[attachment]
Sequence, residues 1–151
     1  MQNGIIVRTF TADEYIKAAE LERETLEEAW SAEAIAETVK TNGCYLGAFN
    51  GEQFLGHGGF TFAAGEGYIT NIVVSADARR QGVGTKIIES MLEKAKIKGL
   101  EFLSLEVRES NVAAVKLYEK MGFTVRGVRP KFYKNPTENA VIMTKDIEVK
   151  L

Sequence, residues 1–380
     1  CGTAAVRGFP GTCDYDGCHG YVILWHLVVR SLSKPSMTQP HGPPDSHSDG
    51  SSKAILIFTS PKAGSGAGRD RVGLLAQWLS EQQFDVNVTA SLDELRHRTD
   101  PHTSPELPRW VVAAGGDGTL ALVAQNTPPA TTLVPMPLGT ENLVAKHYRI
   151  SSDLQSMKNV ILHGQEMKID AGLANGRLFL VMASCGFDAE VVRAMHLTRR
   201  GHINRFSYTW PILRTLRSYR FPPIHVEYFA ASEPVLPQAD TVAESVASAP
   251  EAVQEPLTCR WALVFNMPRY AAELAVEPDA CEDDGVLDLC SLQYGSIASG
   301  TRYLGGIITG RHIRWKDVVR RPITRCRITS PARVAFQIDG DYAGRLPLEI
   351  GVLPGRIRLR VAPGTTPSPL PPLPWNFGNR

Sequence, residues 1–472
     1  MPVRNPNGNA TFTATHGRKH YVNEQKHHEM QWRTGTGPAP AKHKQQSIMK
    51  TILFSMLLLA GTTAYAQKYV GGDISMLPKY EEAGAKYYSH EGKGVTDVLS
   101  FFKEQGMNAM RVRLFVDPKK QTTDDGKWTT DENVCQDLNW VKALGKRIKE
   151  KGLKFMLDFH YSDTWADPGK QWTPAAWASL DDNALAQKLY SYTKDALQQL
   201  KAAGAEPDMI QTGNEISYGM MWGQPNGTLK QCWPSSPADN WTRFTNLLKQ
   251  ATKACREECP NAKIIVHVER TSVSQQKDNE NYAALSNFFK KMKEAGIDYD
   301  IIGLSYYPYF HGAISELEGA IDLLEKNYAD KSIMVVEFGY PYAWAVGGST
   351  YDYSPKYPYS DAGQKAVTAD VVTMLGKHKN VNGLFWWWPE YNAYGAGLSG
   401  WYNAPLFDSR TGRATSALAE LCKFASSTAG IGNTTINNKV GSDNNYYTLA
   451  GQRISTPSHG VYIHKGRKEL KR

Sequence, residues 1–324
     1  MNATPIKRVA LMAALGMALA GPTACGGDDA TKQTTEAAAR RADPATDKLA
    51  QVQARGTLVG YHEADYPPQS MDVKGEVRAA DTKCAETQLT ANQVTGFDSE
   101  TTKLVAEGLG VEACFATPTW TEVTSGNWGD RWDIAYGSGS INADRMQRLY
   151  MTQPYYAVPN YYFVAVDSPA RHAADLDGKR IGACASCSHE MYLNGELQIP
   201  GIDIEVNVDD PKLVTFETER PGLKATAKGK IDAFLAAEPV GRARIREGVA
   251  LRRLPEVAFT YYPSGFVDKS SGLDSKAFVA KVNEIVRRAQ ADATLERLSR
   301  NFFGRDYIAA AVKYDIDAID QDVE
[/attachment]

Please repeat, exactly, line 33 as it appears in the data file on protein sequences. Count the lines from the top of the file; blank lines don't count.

   301  NFFGRDYIAA AVKYDIDAID QDVE